With a middling 5-3-1 record so far this season, the Carolina Hurricanes haven’t stormed out of the gate yet in 2018-19. Despite some big roster changes and a dramatically different front office, they feel like the same team: promising, puck-hogging, yet at times snake-bitten.
(The goalies? They remain a question mark, yet have been good enough so far.)
For some time, these critical darlings have felt like a herd of solid players. Jordan Staal – a very, very impressive defensive forward with a certain ceiling on offense – felt like a microcosm of the Hurricanes. They lacked that game-breaking star.
It’s dangerously early, but so far, Sebastian Aho looks like he’s going from “the closest thing the Hurricanes have to a star” to … simply, a star.
Through nine games, the 21-year-old center has four goals and 10 assists for 14 points. Two of his goals have been game-winners, including an overtime-clincher.
Aho was incredible in that game, scoring two goals and two assists. His 14 points put him in a tie for seventh place in scoring with the likes of Connor McDavid and Patrick Kane. Yeah.
Now, sure there’s been a bit of puck luck involved. Aho scored his four goals on 24 shots on net, making for a 16.7 shooting percentage that’s likely to fall at least a bit (his career average points to some shooting skill, though, at 13-percent).
That’s not a everyone-doubting-William-Karlsson-type shooting percentage, though. There should be some drop-off, yet Aho’s unlikely to be fool’s gold.
As much as the flashier numbers bring Aho much-deserved attention (three multi-point games already this season), his consistency is as exciting as anything else. The Hurricanes star hasn’t failed to score in a game yet in 2018-19, and he aims to extend his season-opening point streak to 10 games on Friday as the Hurricanes take on their puck-hogging twins, the San Jose Sharks.
It hasn’t taken long for Dougie Hamilton to note that Aho boasts the sort of skill set that really fits with the way the game is played these days.
“He can get going really fast and still make plays while picking up speed,” Hamilton said, via the Athletic’s Craig Custance (sub required). “That’s the dynamic part of his game. It’s pretty impressive to watch.”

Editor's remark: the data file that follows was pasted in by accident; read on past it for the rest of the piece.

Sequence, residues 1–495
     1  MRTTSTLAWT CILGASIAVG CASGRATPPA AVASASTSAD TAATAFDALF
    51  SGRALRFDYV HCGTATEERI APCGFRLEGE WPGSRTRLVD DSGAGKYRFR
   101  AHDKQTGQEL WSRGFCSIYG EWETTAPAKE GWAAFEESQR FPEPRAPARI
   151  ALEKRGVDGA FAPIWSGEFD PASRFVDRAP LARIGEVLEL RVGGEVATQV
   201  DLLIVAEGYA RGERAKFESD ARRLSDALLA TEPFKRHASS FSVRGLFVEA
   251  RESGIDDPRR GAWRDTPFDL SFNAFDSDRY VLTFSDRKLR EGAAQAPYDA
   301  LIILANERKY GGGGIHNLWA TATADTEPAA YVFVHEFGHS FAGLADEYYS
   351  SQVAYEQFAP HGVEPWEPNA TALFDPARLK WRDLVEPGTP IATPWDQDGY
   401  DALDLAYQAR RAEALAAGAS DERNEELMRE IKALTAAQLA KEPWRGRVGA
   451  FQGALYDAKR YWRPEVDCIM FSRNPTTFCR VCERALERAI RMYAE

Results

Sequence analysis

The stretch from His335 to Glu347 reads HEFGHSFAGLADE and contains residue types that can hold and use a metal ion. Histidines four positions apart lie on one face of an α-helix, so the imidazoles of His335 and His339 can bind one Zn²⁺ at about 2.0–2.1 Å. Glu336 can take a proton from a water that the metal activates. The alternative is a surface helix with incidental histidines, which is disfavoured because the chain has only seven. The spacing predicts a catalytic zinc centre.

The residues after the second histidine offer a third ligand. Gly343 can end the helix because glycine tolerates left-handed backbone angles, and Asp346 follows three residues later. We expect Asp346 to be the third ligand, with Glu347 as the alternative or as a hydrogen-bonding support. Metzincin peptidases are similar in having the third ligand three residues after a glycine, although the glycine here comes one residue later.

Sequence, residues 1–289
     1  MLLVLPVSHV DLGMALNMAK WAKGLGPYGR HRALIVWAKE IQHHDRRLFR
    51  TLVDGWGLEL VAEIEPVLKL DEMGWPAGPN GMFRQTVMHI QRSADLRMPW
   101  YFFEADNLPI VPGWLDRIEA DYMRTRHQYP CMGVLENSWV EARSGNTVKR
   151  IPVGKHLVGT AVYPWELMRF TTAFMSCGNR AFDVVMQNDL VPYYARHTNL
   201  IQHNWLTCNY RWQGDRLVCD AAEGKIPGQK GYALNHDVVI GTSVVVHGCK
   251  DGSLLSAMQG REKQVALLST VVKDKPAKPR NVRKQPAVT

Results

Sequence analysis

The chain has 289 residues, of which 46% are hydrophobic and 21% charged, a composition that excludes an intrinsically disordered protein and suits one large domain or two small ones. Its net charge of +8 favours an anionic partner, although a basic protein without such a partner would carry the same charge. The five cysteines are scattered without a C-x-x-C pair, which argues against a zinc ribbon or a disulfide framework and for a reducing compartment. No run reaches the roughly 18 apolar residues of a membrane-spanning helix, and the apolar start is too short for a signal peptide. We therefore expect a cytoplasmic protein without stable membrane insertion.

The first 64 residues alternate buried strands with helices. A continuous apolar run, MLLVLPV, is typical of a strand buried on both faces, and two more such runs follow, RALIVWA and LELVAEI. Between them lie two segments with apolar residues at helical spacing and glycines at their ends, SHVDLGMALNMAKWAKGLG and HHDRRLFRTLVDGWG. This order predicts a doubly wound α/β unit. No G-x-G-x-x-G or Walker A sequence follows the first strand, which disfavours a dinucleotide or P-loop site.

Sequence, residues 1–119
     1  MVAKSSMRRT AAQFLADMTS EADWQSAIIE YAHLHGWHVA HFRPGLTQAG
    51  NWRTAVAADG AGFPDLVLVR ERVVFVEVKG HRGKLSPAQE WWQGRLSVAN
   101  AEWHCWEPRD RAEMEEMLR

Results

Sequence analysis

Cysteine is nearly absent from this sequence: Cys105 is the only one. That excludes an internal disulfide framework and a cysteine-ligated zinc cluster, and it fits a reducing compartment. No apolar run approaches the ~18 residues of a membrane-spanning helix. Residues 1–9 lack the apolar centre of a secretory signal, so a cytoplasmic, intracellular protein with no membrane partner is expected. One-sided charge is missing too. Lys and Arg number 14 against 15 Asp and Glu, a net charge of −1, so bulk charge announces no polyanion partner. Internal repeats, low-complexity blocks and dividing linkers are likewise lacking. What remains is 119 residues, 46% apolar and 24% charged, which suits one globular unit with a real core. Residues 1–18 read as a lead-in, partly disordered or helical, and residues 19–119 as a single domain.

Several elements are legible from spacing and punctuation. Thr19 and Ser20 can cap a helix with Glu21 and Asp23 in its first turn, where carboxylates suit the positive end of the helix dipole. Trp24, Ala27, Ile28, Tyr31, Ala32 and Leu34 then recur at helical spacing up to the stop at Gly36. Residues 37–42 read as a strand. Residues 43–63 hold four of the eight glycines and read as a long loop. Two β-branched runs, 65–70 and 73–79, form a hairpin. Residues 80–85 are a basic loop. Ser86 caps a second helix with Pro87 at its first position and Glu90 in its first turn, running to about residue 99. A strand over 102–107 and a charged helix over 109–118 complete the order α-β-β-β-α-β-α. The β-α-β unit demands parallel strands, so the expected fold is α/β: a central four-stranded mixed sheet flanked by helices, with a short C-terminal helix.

Aho’s also getting the green light from new Hurricanes head coach Rod Brind’Amour.
The Finnish forward has been on a steady incline during his short time in the NHL, scoring 24 goals and 49 points in his rookie season (16:47 TOI in 2016-17), while taking another step forward with 29 goals and 65 points as a sophomore (17:55 TOI in 2017-18). Another promising sign for Aho’s climb up the ranks of the elite is that he’s carrying a clearer first-line workload so far in 2018-19, averaging an impressive 19:10 TOI.
Here’s hoping nothing gets in that way, then.
Aho’s possession stats are generally strong, with them only looking iffy relative to his puck-magnet teammates. There’s mild concern over some turbulence regarding his work at center, if he hits a cold streak. As recently as late September, there were rumblings about Aho struggling at center, and maybe face-off wizard Rod Brind’Amour will chafe at the Finn’s hit-or-miss work at draws (46.9-percent winning percentage this season, 46.3 for his career).
Ideally, Brind’Amour would see that the good massively outweighs the bad for Aho, and it’s plausible that the young forward will improve his all-around game with experience. There’s still plenty of time for improvement at 21.
That’s a scary thing for opponents, especially since Aho’s found such early chemistry with Teuvo Teravainen and Micheal Ferland.
One wouldn’t expect Aho to maintain his current 127.5-point pace, yet it’s also more than fair to expect a healthy jump from last season’s 65 points. That leap might just be enough to end Carolina’s nine-year playoff drought.
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James O’Brien is a writer for Pro Hockey Talk on NBC Sports. Drop him a line at email@example.com or follow him on Twitter @cyclelikesedins.